SAN ANTONIO - A drug experts say is saving the lives of opioid addicts is barely being prescribed in Texas.
That's because doctors need hours of extra training and a government waiver just to write a prescription for buprenorphine.
A new federal bill just filed aims to cut that red tape and give doctors leeway.
But time is of the essence as overdose deaths continue to skyrocket. So in the meantime, UT Health San Antonio psychiatry professor Dr. Jennifer Potter is making San Antonio ground zero in the effort to get doctors trained.
Potter is leading a massive statewide training program so more medical professionals can start prescribing now.
"Last year, we had over 42,000 opioid-related overdose deaths in the United States. That's more than at the height of the HIV epidemic," she said.
Buprenorphine is in the same drug class as methodone but can be taken daily at home in a pill or dissolving tablet form. There is also an injection available, but Potter said it is much more expensive.
"Buprenorphine reduces the the risk of overdose death by 50%," Potter said.
The drug can be prescribed by a specialist or family doctor, but they have to have a waiver from the Drug Enforcement Agency.
"If a medical provider gets training, they are allowed to apply for what's called a DEA X waiver. That X waiver requires them to take additional training over and above their medical training in order to prescribe this medication," Potter explained.
Training for doctors is eight hours. For nurse practitioners and physician assistants, it's 24 hours.
Potter said waiver supporters want doctors to have the extra training. However, many call it a barrier.
"I absolutely believe that we should all provide high-quality education to health care providers about treating addiction. Having said that, when a regulation becomes a barrier to saving lives and that risk/benefit ratio is just not there, it doesn't make sense. Yes we need training, but X-ing the X waiver will save lives," Potter said.
X the X Waiver is a national campaign that has attracted so much attention, a bipartisan group of federal legislators recently filed a bill, supported by Rep. Lloyd Doggett.
"We're asking Congress to pass legislation that would say you can prescribe buprenorphine just like you can prescribe any other drug," said Bexar County Opioid Taskforce Chairman T.J. Mayes.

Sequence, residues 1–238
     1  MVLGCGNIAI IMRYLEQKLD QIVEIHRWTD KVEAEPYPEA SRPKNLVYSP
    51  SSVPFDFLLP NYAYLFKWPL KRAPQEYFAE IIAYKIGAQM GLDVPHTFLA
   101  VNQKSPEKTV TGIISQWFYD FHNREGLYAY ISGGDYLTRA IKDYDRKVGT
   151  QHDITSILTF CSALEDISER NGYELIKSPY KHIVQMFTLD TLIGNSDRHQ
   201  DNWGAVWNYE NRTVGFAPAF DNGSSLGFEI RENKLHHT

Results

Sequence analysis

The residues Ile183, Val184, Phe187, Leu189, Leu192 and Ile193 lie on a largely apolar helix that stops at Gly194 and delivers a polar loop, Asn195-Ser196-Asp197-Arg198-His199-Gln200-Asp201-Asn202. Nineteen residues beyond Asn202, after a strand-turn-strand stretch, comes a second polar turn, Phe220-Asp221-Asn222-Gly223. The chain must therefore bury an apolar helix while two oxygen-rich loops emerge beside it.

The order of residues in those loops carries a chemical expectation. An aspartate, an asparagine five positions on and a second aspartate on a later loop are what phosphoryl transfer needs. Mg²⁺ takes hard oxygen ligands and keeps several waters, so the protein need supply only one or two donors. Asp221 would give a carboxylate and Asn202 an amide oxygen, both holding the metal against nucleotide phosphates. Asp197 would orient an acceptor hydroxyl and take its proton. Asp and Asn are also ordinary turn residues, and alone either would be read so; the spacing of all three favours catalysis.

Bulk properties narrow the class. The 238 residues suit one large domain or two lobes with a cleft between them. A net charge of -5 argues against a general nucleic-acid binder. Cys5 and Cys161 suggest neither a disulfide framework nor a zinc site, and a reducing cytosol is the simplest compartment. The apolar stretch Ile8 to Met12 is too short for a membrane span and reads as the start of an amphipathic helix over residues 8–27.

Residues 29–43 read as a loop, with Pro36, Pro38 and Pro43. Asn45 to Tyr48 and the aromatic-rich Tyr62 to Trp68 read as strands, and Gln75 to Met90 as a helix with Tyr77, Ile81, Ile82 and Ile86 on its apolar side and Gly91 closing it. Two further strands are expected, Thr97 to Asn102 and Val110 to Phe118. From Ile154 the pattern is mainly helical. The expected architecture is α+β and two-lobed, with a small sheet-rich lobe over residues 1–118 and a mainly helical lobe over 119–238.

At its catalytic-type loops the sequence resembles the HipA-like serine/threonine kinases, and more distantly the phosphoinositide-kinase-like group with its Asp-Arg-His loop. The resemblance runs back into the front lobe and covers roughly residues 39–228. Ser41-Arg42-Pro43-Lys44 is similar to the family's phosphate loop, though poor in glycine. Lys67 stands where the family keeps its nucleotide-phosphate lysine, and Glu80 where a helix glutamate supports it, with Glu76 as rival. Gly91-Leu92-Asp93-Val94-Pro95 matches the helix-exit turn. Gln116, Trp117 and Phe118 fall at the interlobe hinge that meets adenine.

Potter joins Mayes on the task force, which as a whole has been fighting to scrap the waiver so buprenorphine is more readily available.
"The waiver requirement was put into law in 2000 when there was a lot less certainty about the efficacy of different drugs. Study after study shows that these drugs are effective and safe and will help them get rid of their addiction to opioids," Mayes said.
Mayes said the political support looks promising, but Potter isn't willing to wait while overdose numbers continue to rise.
The Centers for Disease Control and Prevention has even given her emergency funding to train doctors so they can get waivers.
It's estimated fewer than 1,500 health care providers in Texas have waivers to prescribe buprenorphine.
In just a few sessions, Potter has trained an additional 230 people. That number will rise significantly this summer when she leads a training road trip across Texas.
"We're going to 30 communities. We're going to Beaumont, we've got to hit Houston and then we're going down the coast. These are large and small. We're in Pecos, Texas, next week. I think we have one person registered, but we are going there to train that person because having that provider available in Pecos, Texas, is pretty important.
Every doctor who gets a waiver becomes part of a statewide network with monthly video and phone conference calls so they can ask questions and learn from each other.
It's a proactive way to spread awareness through the medical community while legislators work to change laws.
"To look in the face of someone struggling with addiction and not be able to provide them treatment is difficult because recovery is possible, and when you see a life transformed by a life-saving medication for opioid use disorder, it is inspirational," Potter said.
The House bill filed is called the Mainstreaming Addiction Treatment Act (HR 2482).
Along with scrapping the waiver requirement, it would also mandate the launch of a national campaign educating clinicians about changes and encouraging more addiction treatment options, like buprenorphine.
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